What is a tornado?
A tornado is a violently rotating column of air that extends from the clouds to the ground and is often, although not always, visible as a funnel cloud. Lightening and hail are common in storms that produce tornadoes.
Tornadoes may strike quickly, with little to no warning, causing extensive damage to structures and disrupting transportation, power, water, gas, communications and other services in its direct path and in neighboring areas.
TORNADO WATCH – BE AWARE
Tornadoes are possible. Move close to a shelter or sturdy building in case there is a warning.
TORNADO WARNING – TAKE ACTION
A tornado has been sighted or indicated by weather radar. Take shelter immediately.
Before a Tornado
- Identify safe rooms or protective locations at home, school or work before a tornado threat arises so that you have a plan for where to go for safety when a tornado warning is issued.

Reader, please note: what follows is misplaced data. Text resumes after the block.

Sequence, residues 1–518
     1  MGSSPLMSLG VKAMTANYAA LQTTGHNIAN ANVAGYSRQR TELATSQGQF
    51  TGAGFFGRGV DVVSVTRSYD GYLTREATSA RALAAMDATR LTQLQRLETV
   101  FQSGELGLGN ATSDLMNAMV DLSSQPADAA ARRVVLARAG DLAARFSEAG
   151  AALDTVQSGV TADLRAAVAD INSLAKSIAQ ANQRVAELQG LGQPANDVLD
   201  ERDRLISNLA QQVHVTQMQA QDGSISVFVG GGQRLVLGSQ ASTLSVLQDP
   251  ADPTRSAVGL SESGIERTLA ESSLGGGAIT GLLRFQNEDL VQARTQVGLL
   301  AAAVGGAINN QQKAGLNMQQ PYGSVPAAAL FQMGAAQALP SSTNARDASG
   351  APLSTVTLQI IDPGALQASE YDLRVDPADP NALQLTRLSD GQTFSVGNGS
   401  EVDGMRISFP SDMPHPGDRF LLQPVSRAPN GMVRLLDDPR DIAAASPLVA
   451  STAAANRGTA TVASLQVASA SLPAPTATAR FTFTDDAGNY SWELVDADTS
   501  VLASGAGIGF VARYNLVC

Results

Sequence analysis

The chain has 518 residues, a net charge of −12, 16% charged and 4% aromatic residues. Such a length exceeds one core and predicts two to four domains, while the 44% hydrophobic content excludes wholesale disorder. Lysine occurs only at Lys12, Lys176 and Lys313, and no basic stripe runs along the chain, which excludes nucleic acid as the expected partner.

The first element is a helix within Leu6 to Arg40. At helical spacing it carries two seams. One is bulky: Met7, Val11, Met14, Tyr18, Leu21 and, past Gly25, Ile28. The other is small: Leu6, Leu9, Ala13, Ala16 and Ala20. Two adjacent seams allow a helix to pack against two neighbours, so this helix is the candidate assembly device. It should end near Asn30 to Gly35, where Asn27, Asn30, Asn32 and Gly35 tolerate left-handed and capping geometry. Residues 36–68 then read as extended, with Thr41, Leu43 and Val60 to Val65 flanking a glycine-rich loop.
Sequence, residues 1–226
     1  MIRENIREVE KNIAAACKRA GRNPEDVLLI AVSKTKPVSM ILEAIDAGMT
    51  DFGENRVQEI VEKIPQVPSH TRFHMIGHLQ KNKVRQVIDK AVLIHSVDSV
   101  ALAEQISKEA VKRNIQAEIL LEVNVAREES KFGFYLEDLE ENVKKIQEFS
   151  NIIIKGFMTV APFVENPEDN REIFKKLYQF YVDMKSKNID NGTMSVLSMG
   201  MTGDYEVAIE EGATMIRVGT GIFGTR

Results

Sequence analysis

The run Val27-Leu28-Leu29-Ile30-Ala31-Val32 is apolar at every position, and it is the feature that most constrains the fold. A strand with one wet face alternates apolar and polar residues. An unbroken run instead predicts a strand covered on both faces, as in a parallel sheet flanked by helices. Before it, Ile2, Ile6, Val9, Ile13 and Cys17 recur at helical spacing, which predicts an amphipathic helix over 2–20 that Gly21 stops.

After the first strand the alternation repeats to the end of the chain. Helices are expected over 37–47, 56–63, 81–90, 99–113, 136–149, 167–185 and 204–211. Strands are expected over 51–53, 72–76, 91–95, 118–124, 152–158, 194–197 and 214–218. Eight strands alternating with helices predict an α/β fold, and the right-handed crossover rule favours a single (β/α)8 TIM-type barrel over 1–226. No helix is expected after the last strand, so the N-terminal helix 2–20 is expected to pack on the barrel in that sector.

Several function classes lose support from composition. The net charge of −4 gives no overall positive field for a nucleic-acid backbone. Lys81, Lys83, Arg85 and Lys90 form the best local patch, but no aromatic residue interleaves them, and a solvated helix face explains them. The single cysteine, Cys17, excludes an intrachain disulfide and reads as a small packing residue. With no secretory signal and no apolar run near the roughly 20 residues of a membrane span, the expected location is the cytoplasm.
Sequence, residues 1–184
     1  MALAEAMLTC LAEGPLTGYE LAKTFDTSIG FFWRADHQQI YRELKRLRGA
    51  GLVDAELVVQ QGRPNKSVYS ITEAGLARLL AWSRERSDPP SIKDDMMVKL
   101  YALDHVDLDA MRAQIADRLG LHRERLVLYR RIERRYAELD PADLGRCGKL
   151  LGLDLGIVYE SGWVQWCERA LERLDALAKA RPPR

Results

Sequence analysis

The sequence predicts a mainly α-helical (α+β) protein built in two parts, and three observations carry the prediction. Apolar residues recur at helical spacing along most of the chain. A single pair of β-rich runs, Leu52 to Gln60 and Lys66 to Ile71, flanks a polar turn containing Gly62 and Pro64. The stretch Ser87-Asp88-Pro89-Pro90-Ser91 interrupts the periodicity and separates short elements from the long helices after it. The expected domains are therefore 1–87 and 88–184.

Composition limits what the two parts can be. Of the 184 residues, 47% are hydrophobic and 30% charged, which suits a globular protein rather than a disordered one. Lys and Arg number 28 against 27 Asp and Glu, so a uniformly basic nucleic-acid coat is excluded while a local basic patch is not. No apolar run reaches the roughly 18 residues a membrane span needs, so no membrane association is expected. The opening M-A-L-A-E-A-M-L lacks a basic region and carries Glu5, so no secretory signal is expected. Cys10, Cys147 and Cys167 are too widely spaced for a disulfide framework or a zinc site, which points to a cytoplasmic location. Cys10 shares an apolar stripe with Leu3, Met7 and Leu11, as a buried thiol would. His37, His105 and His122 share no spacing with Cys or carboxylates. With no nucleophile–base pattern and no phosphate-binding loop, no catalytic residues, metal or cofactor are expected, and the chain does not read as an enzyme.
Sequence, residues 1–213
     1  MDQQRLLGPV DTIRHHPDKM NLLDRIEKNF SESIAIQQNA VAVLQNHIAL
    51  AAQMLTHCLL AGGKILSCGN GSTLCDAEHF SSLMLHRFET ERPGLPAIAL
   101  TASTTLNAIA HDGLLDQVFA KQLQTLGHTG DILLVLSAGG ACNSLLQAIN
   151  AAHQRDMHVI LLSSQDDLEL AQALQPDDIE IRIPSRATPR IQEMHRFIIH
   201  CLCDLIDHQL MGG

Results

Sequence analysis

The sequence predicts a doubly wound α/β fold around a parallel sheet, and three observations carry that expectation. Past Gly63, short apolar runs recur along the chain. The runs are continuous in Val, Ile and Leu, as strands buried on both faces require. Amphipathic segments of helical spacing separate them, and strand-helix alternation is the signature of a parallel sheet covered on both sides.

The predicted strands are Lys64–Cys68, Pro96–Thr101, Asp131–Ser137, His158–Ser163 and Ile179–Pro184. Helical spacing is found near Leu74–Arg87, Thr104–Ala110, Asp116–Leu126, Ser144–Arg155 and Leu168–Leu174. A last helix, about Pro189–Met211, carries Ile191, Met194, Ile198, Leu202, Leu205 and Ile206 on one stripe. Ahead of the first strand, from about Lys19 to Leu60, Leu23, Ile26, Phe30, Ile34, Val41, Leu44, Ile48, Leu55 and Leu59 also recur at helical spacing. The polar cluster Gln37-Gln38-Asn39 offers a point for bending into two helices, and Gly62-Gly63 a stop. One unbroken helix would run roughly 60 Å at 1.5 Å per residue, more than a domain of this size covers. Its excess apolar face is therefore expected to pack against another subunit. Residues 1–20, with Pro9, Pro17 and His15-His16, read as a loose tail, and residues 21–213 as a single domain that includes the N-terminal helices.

- Be alert to changing weather conditions and time in to NOAA weather radio, local media and social media for the latest information.
- Look for the following danger signs: dark, often greenish sky; large hail; large, dark, low-lying cloud formation or rotation; or a loud roar similar to a freight train.
- Have an emergency communication plan in place for your family.
- Build an emergency kit by downloading our checklist online at www.vaemergency.gov!
During a Tornado
IN A BUILDING?
- Go to a safe room: basement, cellar, or the lowest building level.
- If there is no basement, go to an inside room: a closet or hallway.
- Stay away from corners, windows, doors and outer walls. Never open windows.
- Protect your head!
IN A MOBILE HOME?
- Get out immediately and go to the closest building or storm shelter.
IN A MOBILE HOME OR CAN’T FIND SHELTER?
- Get into a vehicle and buckle your seatbelt.
- Put your head down below the windows and cover your head with your hands.
- If there is no car or shelter, try to find a ditch or area lower than the ground to lie down in. You are safer in a low, flat location than under a bridge or highway overpass.
While tornadoes are most common in the central part of the U.S. known as “Tornado Alley,” Virginia has seen it’s fair share of twisters. In 2004 there were 87 recorded tornadoes, and in 2017 we saw 25 tornadoes.